Recall – In terms ofproduct impairment and time sensitivity this is the most severe.  Officially, a recall is a voluntary action by the manufacturer to improve a product that officially may or may not ever experience a problem.  Unofficially, if you do some digging you’ll find that most often a NHTSA (National Highway Traffic Safety Administration) investigation preceded the recall which was initiated due to a high volume of customer complaints for a severe or safety related problem.  This product revision is, for all practical purposes, compulsory and one for which information is released publically, available via multiple sources, and concerning a problem of highest severity.  Vehicle owners should address this problem immediately at an authorized dealer once it is determined your vehicle is included in the recall. A recall can also be referred to as a “recall campaign” which is distinct from the next category, “service campaign”, below.

Service Campaign – This is a product revision action taken by the manufacturer on a voluntary basis.  Most commonly a service campaign results from information gathered by the manufacturer itself on a pattern of vehicle failures, and usually is initiated unilaterally in order to stave off escalation or involvement by the NHTSA.  The problems are likely no less severe than in a recall situation so immediate action should be taken by vehicle owners who discover that they own an affected vehicle.  Owners in most cases will be notified by letter directly from the manufacturer which may or may not be otherwise publically available.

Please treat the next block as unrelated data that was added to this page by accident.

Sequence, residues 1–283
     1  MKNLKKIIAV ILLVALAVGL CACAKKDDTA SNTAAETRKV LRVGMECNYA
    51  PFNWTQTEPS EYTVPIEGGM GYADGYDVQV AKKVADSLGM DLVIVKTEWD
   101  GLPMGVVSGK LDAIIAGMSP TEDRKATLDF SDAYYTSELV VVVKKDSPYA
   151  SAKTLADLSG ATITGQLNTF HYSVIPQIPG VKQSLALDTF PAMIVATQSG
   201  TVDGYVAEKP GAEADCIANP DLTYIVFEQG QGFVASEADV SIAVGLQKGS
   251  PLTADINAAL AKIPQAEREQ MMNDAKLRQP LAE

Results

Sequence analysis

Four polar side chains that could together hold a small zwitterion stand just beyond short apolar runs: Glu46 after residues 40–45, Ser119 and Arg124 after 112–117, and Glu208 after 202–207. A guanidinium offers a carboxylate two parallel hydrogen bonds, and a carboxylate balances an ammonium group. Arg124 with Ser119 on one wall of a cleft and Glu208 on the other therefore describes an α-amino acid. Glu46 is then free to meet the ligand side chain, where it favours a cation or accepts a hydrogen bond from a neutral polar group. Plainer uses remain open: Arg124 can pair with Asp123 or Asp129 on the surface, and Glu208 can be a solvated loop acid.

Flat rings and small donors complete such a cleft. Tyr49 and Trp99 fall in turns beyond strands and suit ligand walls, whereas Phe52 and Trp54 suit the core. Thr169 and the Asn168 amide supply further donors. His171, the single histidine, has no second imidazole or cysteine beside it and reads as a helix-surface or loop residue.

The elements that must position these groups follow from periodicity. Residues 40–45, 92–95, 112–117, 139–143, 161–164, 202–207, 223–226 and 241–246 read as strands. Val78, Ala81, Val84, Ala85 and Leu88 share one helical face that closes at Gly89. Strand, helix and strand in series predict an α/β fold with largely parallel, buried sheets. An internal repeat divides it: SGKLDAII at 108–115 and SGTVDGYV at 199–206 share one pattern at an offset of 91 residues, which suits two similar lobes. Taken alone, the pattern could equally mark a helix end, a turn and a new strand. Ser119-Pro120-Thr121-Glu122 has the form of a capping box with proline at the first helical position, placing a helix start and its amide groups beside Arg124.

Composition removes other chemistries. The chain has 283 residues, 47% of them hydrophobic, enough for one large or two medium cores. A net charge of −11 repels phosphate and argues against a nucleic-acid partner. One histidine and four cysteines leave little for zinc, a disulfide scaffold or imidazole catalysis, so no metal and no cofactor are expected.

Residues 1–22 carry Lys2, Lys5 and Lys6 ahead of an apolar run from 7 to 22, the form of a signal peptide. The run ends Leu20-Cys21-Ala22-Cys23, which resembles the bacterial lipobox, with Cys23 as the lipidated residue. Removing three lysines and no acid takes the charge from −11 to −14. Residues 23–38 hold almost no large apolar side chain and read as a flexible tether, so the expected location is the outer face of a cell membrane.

TSB (Technical Service Bulletin) – This is the level where the manufacturer begins to restrict public access to information.  Released only to authorized dealers, the TSB is a manufacturer’s service message concerning a pattern of vehicle problems but with minimal expectation of NHTSA involvement.  This information is not released publically and will not be found on websites claiming to have complete lists of TSBs, despite the website’s claims to the contrary.  Only an authorized dealer or independent shop with a subscription to a reporting service will have this information.  This type of service message advises the dealer of a problem that may or may not pose a substantial operational concern.  The advisory can be for an issue as benign as recommended fluids on maintenance, or as serious as a problem that will earn recall status after further investigation.  TSB information for your vehicle should not be ignored even if the problem sounds minimal at first read.